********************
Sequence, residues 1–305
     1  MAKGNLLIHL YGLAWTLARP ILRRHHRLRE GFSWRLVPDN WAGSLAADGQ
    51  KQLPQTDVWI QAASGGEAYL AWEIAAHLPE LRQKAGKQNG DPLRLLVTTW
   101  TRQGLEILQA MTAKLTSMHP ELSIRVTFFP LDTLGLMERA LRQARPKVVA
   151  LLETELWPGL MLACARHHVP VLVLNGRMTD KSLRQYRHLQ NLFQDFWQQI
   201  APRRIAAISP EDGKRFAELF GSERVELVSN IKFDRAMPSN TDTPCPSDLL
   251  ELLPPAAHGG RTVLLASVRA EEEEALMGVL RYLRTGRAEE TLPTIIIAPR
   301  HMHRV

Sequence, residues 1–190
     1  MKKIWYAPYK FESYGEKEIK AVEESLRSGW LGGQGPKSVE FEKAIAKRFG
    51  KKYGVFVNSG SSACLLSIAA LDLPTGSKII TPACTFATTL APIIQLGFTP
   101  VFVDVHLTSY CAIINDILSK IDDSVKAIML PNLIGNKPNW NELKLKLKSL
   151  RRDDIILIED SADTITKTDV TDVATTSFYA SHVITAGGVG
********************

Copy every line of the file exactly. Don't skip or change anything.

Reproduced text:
Sequence, residues 1–305
     1  MAKGNLLIHL YGLAWTLARP ILRRHHRLRE GFSWRLVPDN WAGSLAADGQ
    51  KQLPQTDVWI QAASGGEAYL AWEIAAHLPE LRQKAGKQNG DPLRLLVTTW
   101  TRQGLEILQA MTAKLTSMHP ELSIRVTFFP LDTLGLMERA LRQARPKVVA
   151  LLETELWPGL MLACARHHVP VLVLNGRMTD KSLRQYRHLQ NLFQDFWQQI
   201  APRRIAAISP EDGKRFAELF GSERVELVSN IKFDRAMPSN TDTPCPSDLL
   251  ELLPPAAHGG RTVLLASVRA EEEEALMGVL RYLRTGRAEE TLPTIIIAPR
   301  HMHRV

Sequence, residues 1–190
     1  MKKIWYAPYK FESYGEKEIK AVEESLRSGW LGGQGPKSVE FEKAIAKRFG
    51  KKYGVFVNSG SSACLLSIAA LDLPTGSKII TPACTFATTL APIIQLGFTP
   101  VFVDVHLTSY CAIINDILSK IDDSVKAIML PNLIGNKPNW NELKLKLKSL
   151  RRDDIILIED SADTITKTDV TDVATTSFYA SHVITAGGVG